One of my friends told me about the "either" usage:

Let's say you hate food A, and you hate food B. You go to a restaurant and are asked, "Would you like A or B?" The natural response would be, "I don't want either." – WhatRoughBeast

If definition of "either" is:
" You have to choose one, but you don't like both offered choice. "

Then what about neither?

When do we use "neither" and what does it mean?

  • 4
    Either - one or the other of two, neither - not one or the other of two. Do you want to eat coal or broken glass? You can say I don't want either or I want neither. Commented Jul 10, 2023 at 15:45
  • 6
    What @MichaelHarvey said. Etymologically speaking, neither = not either Commented Jul 10, 2023 at 17:48
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    How does either of your comments differ from my answer, really??
    – Lambie
    Commented Jul 10, 2023 at 19:05
  • 11
    @Lambie - well, your answer wasn't there when I wrote my comment above. I do apologise however, and will definitely make sure to clear any comments with you in future. I am sure that Fumblefingers is as equally abjectly sorry. Commented Jul 10, 2023 at 19:12
  • 2
    @evildemonic - do explain the alleged 'joke'. Commented Jul 11, 2023 at 21:49

2 Answers 2


Your definition of "either" is incorrect. It means more like "one or the other".

"Neither" is "not" + "either", so it means something like "not the one and not the other".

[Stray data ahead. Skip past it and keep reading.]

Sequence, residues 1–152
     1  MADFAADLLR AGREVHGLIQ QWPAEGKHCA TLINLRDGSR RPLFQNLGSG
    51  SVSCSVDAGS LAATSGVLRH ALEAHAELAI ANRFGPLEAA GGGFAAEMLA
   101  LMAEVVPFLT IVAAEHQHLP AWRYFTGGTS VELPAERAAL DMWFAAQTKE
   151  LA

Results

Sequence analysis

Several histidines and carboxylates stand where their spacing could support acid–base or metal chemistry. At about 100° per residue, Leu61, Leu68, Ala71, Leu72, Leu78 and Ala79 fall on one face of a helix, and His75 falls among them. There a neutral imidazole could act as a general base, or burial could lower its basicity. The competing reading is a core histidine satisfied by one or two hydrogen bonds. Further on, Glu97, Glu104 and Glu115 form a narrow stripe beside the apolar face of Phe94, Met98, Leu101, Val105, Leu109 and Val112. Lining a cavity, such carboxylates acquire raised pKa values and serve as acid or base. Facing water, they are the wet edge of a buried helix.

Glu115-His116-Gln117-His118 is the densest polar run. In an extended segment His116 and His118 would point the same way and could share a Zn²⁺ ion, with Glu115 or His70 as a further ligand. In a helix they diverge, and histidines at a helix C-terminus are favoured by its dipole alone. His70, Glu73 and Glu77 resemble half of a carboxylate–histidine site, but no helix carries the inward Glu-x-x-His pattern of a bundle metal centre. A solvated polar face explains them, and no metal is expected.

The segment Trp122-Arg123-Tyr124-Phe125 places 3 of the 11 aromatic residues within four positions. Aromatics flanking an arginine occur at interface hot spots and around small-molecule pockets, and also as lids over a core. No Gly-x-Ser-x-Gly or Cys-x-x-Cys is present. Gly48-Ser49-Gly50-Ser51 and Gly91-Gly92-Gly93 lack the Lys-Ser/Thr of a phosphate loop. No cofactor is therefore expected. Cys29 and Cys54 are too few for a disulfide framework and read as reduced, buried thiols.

So in your context, "I don't want either" means "I don't want A and I don't want B", which is exactly the intent.

We almost never say "not either" together. Instead, we say "neither". So in your context, we cannot say "I want not either", so the natural response with "neither" is:

I want neither.

  • 2
    But in UK "Estuary English" at least, you'll commonly hear "double negative" forms like He don't want niver and She don't want nuffink. Commented Jul 10, 2023 at 17:51
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    Neither is common in many dialects in place of either, but if you're learning English it makes sense to learn the proper rule first.
    – Stuart F
    Commented Jul 10, 2023 at 18:34
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    It's funny but I think my answer is much clearer than yours. Sorry.
    – Lambie
    Commented Jul 11, 2023 at 15:01
  • 1
    @Lambie Indeed, but who are we against so many?
    – gotube
    Commented Jul 11, 2023 at 18:06
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    @gotube - vox populi, vox dei Commented Jul 12, 2023 at 11:59

I want neither (one). = I don't want either (one).

They mean: I want neither food A nor food B.
I do not want either food A or food B.

Mnemonic trick: Think of verbs: I don't eat pastry. I eat no pastry. Two ways to say the same thing.

However, bear in mind that with the neither or no versions, you might sound slightly stilted. :)

  • 2
    It's an application of De Morgan's laws outside of the context where they are usually used. not (A or B) = (not A) and (not B). The former is "I don't want either". The latter is "I want neither".
    – Opifex
    Commented Jul 12, 2023 at 13:38
  • @Opifex I have explained how to use it and my examples are exactly like yours. That said, this is not a logic course.
    – Lambie
    Commented Jul 12, 2023 at 15:57
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    relax buddy... I was just providing some extra trivia, which could be useful if OP has some knowledge of boolean algebra. When I read your answer, it made me philosophize about how it works, and it struck me how clear the parallel was with De Morgan's laws, even though they are generally used in an entirely different context. No need to get upset.
    – Opifex
    Commented Jul 12, 2023 at 20:06

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